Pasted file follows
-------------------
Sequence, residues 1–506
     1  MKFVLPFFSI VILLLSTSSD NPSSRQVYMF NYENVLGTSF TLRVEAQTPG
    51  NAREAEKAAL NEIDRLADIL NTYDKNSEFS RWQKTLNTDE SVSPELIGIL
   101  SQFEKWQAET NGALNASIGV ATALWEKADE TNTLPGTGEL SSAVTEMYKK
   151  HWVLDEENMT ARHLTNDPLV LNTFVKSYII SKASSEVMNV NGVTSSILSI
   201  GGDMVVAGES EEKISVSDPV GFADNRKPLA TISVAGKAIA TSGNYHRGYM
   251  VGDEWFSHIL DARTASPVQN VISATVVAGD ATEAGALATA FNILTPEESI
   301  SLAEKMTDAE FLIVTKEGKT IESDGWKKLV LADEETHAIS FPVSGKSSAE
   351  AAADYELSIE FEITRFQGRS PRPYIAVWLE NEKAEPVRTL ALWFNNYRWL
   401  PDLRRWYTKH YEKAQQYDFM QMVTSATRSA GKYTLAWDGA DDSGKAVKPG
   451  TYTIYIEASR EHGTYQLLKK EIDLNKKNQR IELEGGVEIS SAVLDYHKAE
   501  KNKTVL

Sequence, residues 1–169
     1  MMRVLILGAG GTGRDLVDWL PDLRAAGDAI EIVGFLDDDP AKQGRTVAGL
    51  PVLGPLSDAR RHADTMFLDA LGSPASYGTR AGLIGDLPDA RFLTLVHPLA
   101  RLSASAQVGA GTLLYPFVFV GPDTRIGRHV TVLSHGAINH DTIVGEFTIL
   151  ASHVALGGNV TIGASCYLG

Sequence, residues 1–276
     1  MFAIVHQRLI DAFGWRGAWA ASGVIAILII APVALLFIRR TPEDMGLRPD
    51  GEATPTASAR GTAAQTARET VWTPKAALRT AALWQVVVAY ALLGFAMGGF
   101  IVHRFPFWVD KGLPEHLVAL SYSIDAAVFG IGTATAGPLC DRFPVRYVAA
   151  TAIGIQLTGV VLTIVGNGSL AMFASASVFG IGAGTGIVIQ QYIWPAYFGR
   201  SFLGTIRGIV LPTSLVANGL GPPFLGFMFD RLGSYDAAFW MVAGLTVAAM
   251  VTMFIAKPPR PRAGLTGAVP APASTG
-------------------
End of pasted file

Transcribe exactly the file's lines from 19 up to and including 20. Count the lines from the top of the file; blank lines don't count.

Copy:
     1  MFAIVHQRLI DAFGWRGAWA ASGVIAILII APVALLFIRR TPEDMGLRPD
    51  GEATPTASAR GTAAQTARET VWTPKAALRT AALWQVVVAY ALLGFAMGGF